Growing up, I heard the idea that God lives in a big round room with many doors and that each of those doors were religions, ways that we as humans taught ourselves how to live in a way that honored each other and helped us understand having a relationship with a higher power.
My door is Christianity, with all of its essential teachings and all of its flaws — misinterpretations in the hands of those who misunderstand and dishonor it.
This understanding has helped me embrace and learn so much from other religions and belief systems and Judaism has been hugely important to my family and I. My sister learned the Hebrew alphabet before the English one and I remember my father’s art, ceramic sculptures engraved with Hebrew writing, all around the house. To me, growing up with Jewish teachings and tapes of songs to celebrate the high holidays was just a part of life. A few years ago, in a joint Seder with Antioch Baptist Church in Bedford Hills, New York and Temple Beth El in Chappaqua, I found myself laughing with the Rabbi as I sang along, surprised to find myself knowing the words to some of the songs.
Over the years, I’ve joined many churches and left others, either because they didn’t fit my lifestyle or because there were beliefs and practices with which I could not agree. I have found some de-churched communities, as we called ourselves, and in one such community we practiced a Friday to Saturday Shabbat and it brought such a calming routine into my life to understand that the rest is a part of the process. Like music, there would be no rhythm without the rest. This lesson and that community has, as Eckhardt Tolle would say, “miraculously transformed” my life.
Growing up, I was taught about Black and Jewish joint activism. Knowing that Jewish activists have always been essential to social justice and civil rights movements had a huge impact on my understanding of what it means to be in community with others. Rabbi Abraham Joshua Heschel is one of my favorite voices on the importance of outrage and the images of him marching next to Dr. Martin Luther King Jr. are the images I grew up with that represented to me what true community looks like.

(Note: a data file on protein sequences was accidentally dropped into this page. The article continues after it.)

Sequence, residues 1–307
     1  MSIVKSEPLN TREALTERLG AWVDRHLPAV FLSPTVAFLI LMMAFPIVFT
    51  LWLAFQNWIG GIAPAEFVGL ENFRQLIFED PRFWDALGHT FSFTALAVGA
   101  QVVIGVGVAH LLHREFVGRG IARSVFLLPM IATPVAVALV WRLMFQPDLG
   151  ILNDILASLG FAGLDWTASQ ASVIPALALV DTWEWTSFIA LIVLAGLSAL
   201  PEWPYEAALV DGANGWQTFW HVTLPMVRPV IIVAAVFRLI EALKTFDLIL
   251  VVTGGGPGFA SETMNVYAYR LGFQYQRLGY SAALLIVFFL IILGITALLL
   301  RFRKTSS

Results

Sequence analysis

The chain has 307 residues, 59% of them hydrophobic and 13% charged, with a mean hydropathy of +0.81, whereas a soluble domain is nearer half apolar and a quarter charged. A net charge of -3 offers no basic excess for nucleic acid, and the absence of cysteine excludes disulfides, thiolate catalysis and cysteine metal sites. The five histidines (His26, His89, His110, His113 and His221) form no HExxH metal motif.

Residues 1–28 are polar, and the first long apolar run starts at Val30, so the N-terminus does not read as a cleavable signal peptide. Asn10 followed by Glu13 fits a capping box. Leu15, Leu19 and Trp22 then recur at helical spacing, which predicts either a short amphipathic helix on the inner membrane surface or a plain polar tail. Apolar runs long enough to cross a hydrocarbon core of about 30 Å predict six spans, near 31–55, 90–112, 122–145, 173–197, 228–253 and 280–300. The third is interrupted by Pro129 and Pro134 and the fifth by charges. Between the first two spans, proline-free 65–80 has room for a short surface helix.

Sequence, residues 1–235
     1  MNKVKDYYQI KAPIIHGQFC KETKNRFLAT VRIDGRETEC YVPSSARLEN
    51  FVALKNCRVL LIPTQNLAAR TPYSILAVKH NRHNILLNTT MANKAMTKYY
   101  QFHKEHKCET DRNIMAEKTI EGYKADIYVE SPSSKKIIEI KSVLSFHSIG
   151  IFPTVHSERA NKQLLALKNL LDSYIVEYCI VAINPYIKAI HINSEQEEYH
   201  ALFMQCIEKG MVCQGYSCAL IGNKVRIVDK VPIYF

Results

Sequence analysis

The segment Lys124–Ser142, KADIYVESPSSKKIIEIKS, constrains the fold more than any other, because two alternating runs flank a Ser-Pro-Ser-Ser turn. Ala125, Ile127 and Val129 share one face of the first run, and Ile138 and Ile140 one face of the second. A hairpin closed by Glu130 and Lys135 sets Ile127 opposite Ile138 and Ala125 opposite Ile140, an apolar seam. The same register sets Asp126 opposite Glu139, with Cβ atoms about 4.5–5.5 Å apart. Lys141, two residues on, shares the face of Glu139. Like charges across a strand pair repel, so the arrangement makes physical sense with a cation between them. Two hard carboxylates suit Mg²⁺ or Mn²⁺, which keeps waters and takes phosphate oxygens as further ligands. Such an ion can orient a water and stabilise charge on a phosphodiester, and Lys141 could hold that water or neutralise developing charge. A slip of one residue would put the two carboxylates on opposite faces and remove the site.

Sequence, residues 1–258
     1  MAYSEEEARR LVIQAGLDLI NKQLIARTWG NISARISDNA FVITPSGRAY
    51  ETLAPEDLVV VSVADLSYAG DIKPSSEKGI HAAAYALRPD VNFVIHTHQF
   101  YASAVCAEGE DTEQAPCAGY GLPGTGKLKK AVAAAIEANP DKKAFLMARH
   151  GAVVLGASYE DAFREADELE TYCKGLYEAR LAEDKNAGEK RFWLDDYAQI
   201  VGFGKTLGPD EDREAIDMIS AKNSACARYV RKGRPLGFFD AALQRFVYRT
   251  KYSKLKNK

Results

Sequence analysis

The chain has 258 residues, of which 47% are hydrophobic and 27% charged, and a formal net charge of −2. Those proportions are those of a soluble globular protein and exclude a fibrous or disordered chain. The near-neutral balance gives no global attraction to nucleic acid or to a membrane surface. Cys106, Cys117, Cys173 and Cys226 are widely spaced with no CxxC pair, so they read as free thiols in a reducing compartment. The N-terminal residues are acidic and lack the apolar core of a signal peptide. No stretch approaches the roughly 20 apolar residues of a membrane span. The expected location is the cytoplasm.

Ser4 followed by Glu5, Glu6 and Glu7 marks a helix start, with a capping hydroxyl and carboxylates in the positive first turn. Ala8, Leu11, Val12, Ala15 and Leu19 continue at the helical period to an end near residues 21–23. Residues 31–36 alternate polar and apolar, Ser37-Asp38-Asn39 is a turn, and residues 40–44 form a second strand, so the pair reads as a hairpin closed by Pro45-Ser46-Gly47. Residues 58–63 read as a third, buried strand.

This week I am outraged and I am mourning. I can’t write this without tears streaming down my face. I listened to the New York Times’ The Daily on October 29th and 30th and felt debilitated and frightened. As they put it: the massacre at the Tree of Life synagogue in Pittsburgh is one of the most violent attacks on the Jewish community on American soil in decades. It is all too similar to the shooting at the Emanuel African Methodist Episcopal Church in Charleston. These were attacks targeting specific groups of believers, Black and Jewish believers. It is also one of many instances in the last few years that point to a rise in anti-Semitism in our country. That is the name of the hate.
I struggle to understand if the hate is real or if it is fear and weakness grasping for something to hold onto, someone to blame. I want to think that the hate that brings young people out to Charlottesville, burning torches and yelling “Jews won’t replace us” is not real hate, that it is hate that would crumble when tested. As if that is somehow better, as if a hate with less conviction is less dangerous. I see what I am doing: trying to explain away the hate as a mob mentality, as if that makes it less dangerous. As if I am not aware that mobs lynch, just as individuals massacre.